Journal of Hygiene 01/1987; 97(3):445-56.
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    ABSTRACT: The apparent reduction in the incidence of subsequent joint sepsis and of re-operation without evidence of infection during the course of a prospective study was an artifact of the analysis method.
    Journal of Hygiene 01/1987; 97(3):501-2.
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    ABSTRACT: A total of 571 swine sera collected at an abattoir in the city of Obihiro, Hokkaido during the period February-November 1984 were tested for antibody against human (H1N1) influenza virus strains. A high prevalence of antibody was observed for only 3 months from April to June in that year, in 81/180 sera (45.0%) to A/USSR/92/77 strain and in 50/180 sera (27.8%) to a current epidemic strain (A/Hokkaido/1/84). Some cross-reactions were observed between the A/USSR/92/77 and A/Hokkaido/1/84 antibodies (r = 0.75). Only minor relationships were noted between the A/New Jersey/8/76 (swine type H1N1) and A/USSR/92/77 (r = 0.35) or A/Hokkaido/1/84 (r = 0.51) antibodies. Absorption of sera positive for antibody to the A/Hokkaido/1/84 strain with the homologous virus strain removed all detectable antibodies, while the absorption of the sera with the A/New Jersey/8/76 strain produced incomplete absorption in one half of the sera tested. These results strongly suggest that the swine became infected with a human H1N1 virus as piglets during an epidemic of influenza which occurred in the human population during January and February 1984.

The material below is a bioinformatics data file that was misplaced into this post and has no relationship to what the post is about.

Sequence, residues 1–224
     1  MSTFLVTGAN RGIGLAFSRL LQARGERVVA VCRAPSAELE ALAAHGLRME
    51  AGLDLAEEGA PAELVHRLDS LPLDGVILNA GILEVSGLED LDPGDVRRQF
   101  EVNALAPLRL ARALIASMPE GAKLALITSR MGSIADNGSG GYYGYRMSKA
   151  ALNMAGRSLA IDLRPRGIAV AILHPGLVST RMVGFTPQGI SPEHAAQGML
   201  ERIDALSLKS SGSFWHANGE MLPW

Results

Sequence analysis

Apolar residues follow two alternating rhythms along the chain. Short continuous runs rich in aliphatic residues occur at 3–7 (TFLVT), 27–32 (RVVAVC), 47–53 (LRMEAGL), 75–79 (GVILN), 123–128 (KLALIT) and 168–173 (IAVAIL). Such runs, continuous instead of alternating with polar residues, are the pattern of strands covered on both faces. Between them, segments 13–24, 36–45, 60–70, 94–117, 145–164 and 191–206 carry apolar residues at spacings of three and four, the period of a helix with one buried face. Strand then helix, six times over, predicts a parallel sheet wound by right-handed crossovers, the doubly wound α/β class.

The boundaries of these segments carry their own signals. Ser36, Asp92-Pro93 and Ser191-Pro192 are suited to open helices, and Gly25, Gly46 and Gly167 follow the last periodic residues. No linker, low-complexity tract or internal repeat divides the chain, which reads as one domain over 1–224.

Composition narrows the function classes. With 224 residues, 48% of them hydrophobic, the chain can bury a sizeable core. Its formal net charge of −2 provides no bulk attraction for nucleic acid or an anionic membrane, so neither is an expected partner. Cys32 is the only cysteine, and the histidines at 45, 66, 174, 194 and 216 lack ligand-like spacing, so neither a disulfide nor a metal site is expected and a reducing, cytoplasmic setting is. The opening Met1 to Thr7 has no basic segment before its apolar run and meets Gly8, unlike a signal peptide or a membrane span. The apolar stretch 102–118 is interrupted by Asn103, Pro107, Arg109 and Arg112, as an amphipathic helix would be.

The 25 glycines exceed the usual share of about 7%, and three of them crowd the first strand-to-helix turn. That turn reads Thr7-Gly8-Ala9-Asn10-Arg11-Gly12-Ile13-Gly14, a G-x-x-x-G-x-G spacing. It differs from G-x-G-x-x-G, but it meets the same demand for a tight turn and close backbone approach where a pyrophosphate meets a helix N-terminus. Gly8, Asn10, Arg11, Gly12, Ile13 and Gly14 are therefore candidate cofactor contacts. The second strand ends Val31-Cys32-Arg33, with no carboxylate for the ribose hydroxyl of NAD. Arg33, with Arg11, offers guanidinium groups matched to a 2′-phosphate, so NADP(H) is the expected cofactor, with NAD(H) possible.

Journal of Hygiene 01/1987; 97(3):503-9.